Sunday, 20 January 2013

You gotta love a mantilla...

...even snow-women enjoy wearing them!

Fab pic from


Napoleon, Battle of Rivoli
This morning at Mass Fr. Dominic (who's helping out Fr. Terence whilst Fr. Richard is away) gave a very good and very interesting homily. One of the (many) things he talked about was the disciples having seen the glory of Christ. He referred also to the Prologue in St. John's Gospel where the Evangelist says "And the Word became flesh and dwelt among us, and we have seen his glory, glory as of the only Son of the Father, full of grace and truth." (John 1:14) and was saying how the glory that the disciples saw, the glory of Christ, was not based upon his power but instead was a radical revelation of the truth of who he was. It got me thinking about the way in which we picture glory. In art we often see kings, tyrants, emperors and soldiers depicted as shining,  glorious heroes, flanked by horses, tanks, ships or armaments with many others crowding around, straining to catch a little of their light. Glory becomes just a show of strength, a display of someone's physical and political power and, quite often, it is a lie. One thing that you're always told when studying history is that the tale is told by the victor, the sequence of events is frequently altered to portray the winners as not just victorious but as more virtuous than their opponents, propaganda is produced to slur the 'other side' and 'big-up' the 'good guys', thus making the whole situation very black and white. This 'jigging' of the facts usually means that the story we are told is not was really happened...just look at Richard III. In effect the facts become like paint on an artist's brush; they are creatively swept across the page to make the story more...dramatic and appealing.

Christ's glory, as Fr. D was saying, is nothing like that although perhaps in paintings and the like you get the impression it might be. In fact is that not who artists try to make their subjects look like; a modern figure of Christ, saving the people or nation from some great evil or oppression? But whilst Jesus may well be powerful, he is God of course, when he reveals his glory to his disciples at Cana, in his other miracles (like raising Lazarus from the dead) and, ultimately, in his suffering, death, resurrection and ascension we don't see a soldier or a hero in the classic sense. He doesn't have an army around him charging on horseback or firing deadly weapons. What we see is extreme, yes, it is him. When he hung dying on the cross what those around him (especially his mother) saw was Jesus. He was disfigured and bloody from his painful journey to Calvary, he didn't look like a Hercules or any powerful warrior that popular story telling would conjure up. He was laid bare, God had become man and was dying, literally dying to save mankind from death. What the disciples saw after the resurrection was Jesus, no longer a suffering man, no longer a corpse but the Son of God. He showed them that what they had thought and believed before was true. He opened their eyes to see him, to truly see him, and sent them out to go and do the same to everyone else. That's what glory is really about; truth. All those other things like power and wisdom and strength all stem from that. And what makes all of this so exciting and compelling here and now in 2013 is that if we ask, just ask, we can see his glory too. Problem is we have such silly preconceived notions about what he should or shouldn't look like we often miss him.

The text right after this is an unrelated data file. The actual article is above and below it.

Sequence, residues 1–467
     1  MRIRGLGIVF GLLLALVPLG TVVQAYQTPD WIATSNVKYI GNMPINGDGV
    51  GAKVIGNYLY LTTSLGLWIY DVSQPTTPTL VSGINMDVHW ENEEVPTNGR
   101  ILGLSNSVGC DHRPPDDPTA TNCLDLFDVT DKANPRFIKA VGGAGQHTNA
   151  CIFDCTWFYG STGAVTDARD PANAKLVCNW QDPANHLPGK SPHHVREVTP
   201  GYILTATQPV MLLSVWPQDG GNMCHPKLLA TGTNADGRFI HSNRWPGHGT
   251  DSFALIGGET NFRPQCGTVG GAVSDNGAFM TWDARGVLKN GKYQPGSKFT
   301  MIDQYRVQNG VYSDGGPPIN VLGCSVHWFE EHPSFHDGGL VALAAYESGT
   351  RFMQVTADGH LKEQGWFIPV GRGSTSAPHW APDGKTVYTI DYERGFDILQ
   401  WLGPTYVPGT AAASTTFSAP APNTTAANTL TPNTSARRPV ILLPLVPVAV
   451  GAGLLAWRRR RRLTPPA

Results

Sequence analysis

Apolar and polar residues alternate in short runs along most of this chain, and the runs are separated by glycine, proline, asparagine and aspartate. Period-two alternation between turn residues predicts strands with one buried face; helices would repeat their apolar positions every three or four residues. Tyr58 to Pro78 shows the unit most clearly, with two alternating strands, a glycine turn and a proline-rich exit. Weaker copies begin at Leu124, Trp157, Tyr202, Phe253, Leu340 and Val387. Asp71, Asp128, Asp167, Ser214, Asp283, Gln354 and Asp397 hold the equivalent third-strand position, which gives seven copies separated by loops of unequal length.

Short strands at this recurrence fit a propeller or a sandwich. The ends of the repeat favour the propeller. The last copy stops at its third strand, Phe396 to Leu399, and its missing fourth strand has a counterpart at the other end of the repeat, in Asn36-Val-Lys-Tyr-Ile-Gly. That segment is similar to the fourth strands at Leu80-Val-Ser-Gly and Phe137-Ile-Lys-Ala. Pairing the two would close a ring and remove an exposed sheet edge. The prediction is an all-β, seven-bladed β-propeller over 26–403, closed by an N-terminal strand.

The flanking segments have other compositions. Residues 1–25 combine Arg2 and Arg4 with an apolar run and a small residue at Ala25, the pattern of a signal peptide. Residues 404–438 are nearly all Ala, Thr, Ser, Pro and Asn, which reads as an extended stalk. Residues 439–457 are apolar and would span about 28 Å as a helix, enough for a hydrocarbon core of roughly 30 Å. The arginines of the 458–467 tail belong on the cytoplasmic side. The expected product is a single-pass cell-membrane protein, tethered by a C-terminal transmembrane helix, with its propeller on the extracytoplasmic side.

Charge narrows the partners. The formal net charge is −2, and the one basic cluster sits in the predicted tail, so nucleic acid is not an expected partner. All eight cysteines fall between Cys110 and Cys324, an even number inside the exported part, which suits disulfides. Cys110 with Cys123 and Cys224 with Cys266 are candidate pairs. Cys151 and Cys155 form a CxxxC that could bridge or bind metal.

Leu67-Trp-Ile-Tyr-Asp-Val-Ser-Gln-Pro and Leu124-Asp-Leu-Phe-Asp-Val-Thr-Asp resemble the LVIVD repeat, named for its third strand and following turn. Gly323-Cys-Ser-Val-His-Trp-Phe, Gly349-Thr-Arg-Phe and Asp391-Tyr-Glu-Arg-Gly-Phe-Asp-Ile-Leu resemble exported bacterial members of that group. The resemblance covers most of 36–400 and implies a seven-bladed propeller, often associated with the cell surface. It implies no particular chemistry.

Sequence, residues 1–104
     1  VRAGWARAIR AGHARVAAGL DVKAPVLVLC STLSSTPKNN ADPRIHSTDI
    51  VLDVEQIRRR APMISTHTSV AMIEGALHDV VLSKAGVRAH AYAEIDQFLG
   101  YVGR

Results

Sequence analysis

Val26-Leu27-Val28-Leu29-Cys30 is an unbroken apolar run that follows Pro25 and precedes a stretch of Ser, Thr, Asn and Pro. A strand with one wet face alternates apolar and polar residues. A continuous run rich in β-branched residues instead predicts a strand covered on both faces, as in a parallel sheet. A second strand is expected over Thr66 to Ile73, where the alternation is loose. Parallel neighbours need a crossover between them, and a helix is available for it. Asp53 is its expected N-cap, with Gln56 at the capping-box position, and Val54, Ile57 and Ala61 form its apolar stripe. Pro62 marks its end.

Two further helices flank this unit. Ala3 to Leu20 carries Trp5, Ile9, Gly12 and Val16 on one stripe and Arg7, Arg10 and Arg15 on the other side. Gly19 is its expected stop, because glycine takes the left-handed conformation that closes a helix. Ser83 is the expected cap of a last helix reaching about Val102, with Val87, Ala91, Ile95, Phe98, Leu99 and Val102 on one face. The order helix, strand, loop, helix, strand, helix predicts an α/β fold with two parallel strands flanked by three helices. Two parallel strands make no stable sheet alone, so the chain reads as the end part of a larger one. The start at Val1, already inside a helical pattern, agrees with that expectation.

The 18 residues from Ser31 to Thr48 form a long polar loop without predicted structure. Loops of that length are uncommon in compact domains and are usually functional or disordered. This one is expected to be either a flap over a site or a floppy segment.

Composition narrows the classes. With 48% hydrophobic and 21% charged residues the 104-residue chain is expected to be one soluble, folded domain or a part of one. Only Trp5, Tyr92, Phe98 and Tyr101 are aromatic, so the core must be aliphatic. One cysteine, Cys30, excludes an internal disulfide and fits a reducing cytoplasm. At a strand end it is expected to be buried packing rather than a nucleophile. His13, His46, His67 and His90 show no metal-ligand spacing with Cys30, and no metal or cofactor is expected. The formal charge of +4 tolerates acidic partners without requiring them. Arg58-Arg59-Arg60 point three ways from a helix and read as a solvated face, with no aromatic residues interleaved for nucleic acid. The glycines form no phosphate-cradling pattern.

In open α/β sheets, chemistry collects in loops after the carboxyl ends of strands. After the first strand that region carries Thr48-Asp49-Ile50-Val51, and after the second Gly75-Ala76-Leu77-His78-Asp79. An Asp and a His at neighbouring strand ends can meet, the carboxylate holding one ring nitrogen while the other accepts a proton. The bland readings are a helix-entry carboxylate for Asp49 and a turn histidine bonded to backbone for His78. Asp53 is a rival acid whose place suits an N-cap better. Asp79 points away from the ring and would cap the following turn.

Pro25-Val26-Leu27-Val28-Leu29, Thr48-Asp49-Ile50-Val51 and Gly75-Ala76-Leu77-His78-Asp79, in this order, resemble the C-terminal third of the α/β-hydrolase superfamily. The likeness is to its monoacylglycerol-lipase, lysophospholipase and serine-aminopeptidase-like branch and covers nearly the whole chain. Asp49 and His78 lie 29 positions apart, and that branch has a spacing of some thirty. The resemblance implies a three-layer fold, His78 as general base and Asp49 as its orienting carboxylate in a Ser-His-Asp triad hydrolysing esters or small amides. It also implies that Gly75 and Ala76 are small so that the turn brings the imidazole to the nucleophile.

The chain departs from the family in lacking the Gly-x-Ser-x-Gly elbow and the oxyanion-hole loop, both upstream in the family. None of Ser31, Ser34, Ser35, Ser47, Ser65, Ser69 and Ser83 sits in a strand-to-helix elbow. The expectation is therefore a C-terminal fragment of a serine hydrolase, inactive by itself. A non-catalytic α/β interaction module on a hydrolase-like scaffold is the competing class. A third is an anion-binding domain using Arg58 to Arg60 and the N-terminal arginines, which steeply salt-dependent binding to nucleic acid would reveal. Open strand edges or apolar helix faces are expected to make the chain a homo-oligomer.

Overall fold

It was after receiving our Lord in the Eucharist this morning that I realised that this, this is what his glory looks like. It's not armies of golden angels singing, it's not bright and gaudy; it's what is in this little piece of bread. Jesus, my God, my Saviour, became man. Jesus, my God, my Saviour, lived and worked and breathed the Good News. Jesus, my God and Saviour, suffered and died to save me from everlasting death. Jesus, my God and Saviour, rose from the dead and ascended into heaven that I, though utterly unworthy, may one day follow and now he, who truly is God, is now in this little wafer, it is him. This tiny piece of dry bread has become the Body of my Lord, the love of my life and he does it out of love for you and me. What I see is him, Jesus pure and simple. And that's more glorious than my teeny tiny mind can fathom.

Thursday, 17 January 2013

That's not my name

I have three names that no one can ever spell right. Katherine Anne Rickards. Doesn't look hard but apparently it is. Most people spell my first name with a C or stick a Y in there, most drop the E from my middle name and pretty much everyone at some point tries to call me RICHARDS. But, no matter how many times they say or write it, it's simply not my name.